I hope it made fun of the idea that somehow central bank credibility is performing magic. Forward guidance matters and credibility matters. Inflation targeting regimes and fixed exchange rate regimes are means of institutionalizing credibility. They are laws and contracts forcing the central bank to maintain a certain inflation rate. Jay Powell saying he wants to be more like Paul Volker (Fed chair in early 1980s) is not.
If all the forecasts are right, then the overwhelming conclusion is that inflation will fade away next year. Period. That seems to be the case for ALL the countries with a very few exceptions. Even Turkey and Argentina, where inflation is truly out of control, are expected to get inflation under control relative to today. If that’s true, then inflation is going to fall largely independently of what all these central banks do or say. If that’s true, then it’s not brilliant Fed policy or credibility controlling inflation. It’s not even the central bank! Or, all central banks have suddenly obtained super powers and we should watch for the next DC or Marvel movie starring Jay Powell and Christine Lagarde.
It’s not just happening to you. This is why I made the joke blaming Trump, then Biden. In all our individual countries we interpret the data to blame the other team. But it’s still all inward looking. Yes, in the US, President Trump and Congress’s giant spending package in 2020 and President Biden and Congress’s giant spending package in 2021 are both likely drivers of US inflation today. To the extent that happened in other countries, it’s driving it there too. The same thing is happening everywhere. That doesn’t mean we don’t need our local governments and monetary authorities to slow spending, get budgets under control and the like. It just means we have to look around and take the lessons everywhere to heart. For example: If it’s high debt to GDP driving inflation, Japan should have the highest inflation. Debt to GDP is 266% (it’s about 100% in the US) but inflation is only 3% in Japan. … My point is simply that we need to think hard about these things and be honest in evaluating our own favorite pet theories.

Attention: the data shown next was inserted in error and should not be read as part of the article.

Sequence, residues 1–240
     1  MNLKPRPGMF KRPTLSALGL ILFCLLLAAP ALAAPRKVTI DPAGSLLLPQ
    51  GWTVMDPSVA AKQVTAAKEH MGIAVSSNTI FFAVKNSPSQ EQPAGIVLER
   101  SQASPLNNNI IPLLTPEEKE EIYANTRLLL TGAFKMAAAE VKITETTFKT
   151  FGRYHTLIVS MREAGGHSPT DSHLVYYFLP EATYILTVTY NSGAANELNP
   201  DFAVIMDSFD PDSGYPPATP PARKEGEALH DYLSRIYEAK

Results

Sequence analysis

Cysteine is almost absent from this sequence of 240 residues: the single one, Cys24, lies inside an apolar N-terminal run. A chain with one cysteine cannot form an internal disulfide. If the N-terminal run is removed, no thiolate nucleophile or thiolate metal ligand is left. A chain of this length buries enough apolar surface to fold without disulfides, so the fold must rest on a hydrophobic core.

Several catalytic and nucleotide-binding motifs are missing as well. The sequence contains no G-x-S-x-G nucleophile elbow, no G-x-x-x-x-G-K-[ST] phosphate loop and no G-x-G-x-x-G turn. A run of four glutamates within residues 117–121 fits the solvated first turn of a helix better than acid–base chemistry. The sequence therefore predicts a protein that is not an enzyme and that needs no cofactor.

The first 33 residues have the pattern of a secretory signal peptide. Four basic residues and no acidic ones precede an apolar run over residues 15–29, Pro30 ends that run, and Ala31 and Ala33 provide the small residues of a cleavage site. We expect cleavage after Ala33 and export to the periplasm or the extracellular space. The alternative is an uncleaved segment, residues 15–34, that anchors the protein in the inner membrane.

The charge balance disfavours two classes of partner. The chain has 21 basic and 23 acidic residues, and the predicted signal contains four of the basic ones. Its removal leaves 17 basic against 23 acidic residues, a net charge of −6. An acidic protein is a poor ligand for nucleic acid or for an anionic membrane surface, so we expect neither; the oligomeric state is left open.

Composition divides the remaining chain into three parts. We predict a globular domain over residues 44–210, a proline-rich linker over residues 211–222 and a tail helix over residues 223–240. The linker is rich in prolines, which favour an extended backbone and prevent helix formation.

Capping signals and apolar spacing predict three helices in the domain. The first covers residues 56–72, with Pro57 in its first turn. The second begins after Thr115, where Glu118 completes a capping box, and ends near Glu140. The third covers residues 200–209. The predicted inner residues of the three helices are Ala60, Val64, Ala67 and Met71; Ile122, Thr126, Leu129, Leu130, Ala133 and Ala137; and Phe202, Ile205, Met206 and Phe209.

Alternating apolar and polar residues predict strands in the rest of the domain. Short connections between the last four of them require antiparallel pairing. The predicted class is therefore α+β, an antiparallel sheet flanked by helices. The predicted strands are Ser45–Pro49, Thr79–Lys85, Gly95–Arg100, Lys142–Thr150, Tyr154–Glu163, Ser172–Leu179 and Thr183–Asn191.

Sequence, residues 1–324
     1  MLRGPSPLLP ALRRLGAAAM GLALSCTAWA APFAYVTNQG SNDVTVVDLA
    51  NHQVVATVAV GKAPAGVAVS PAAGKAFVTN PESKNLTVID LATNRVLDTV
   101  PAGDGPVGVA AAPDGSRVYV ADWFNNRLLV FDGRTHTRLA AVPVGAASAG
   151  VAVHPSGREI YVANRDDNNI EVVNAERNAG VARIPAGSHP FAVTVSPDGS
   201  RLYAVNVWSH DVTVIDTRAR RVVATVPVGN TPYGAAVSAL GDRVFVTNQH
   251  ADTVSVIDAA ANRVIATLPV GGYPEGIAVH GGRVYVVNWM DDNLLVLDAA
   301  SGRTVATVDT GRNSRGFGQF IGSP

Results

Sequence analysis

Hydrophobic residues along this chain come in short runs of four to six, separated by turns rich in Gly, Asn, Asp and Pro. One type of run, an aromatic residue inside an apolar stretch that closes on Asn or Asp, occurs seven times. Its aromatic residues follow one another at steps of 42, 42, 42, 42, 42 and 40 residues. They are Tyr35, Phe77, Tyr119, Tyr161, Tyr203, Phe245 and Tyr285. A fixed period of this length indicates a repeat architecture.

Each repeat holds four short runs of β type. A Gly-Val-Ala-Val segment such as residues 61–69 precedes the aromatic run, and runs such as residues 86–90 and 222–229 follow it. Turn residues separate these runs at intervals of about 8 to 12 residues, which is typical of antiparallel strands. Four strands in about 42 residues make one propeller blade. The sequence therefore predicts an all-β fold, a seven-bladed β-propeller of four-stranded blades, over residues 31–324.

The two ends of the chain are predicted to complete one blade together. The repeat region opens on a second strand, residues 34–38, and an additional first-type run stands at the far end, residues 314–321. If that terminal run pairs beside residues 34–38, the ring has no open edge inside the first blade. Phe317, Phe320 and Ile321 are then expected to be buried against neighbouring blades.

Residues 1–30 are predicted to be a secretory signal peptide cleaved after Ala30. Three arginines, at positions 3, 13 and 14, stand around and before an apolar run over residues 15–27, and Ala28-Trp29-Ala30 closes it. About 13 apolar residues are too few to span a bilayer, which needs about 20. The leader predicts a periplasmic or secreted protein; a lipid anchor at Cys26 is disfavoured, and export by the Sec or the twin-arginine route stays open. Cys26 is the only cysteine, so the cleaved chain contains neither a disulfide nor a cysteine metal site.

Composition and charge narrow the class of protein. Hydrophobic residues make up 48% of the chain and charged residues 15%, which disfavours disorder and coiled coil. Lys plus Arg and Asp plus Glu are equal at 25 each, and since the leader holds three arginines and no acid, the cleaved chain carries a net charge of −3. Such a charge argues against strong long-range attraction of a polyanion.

Our current monetary system and thinking about monetary systems is off. I don’t think we deeply understand monetary economics anymore. I don’t believe we understand what determines long-run, steady state inflation. We think it’s credibility and announcements. I think that’s wrong. At least it’s not the sole determinant. Credibility is a pre-requisite. It may be a necessary but not a sufficient condition for long-run inflation determination.
 There are two standard assumptions in modern macroeconomic monetary models. One is that inflation in the long-run is pinned down by the growth rate of the money supply. Modern central bankers generally deny that publicly. The second one is that inflation in the long-run is pinned down by forward guidance. See John Cochrane’s blogs for more detailed discussions of these assumptions and their implications: https://johnhcochrane.blogspot.com/2022/09/expectations-and-neutrality-of-interest.html . Bottom of page 8 of his paper (https://www.johnhcochrane.com/research-all/inflation-neutrality ) states: “The central bank threatens hyperinflation or hyperdeflation in order to select, or “coordinate expectations” on the equilibrium it likes. The Fed simply announces its inflation target, announces this threat, and inflation jumps to whatever value the Fed desires.”
 The Federal Reserve’s own forecast is that the US will have 3-3.4% core inflation in 2023 and 2.2-2.5% in 2024. See “Core PCE inflation” here: https://www.federalreserve.gov/monetarypolicy/fomcprojtabl20220921.htm
 I could have included Poland too. Just so you know, it’s inflation today is 17.2% and is expected to drop to 7.5% by 2023. That’s a 56.4% drop.
 By the way, most of these countries had 2% targets but they’ve raised them recently. Some people have suggested the US Fed also raise its target. Thankfully, they’ve said (essentially) “that’s cheating”, which it is, and resisted the temptation to date. I sincerely hope they hold out and don’t raise our target. As much as I’m making fun of all this, it would be a sign of defeat and really destroy credibility. That really would be bad, in my opinion.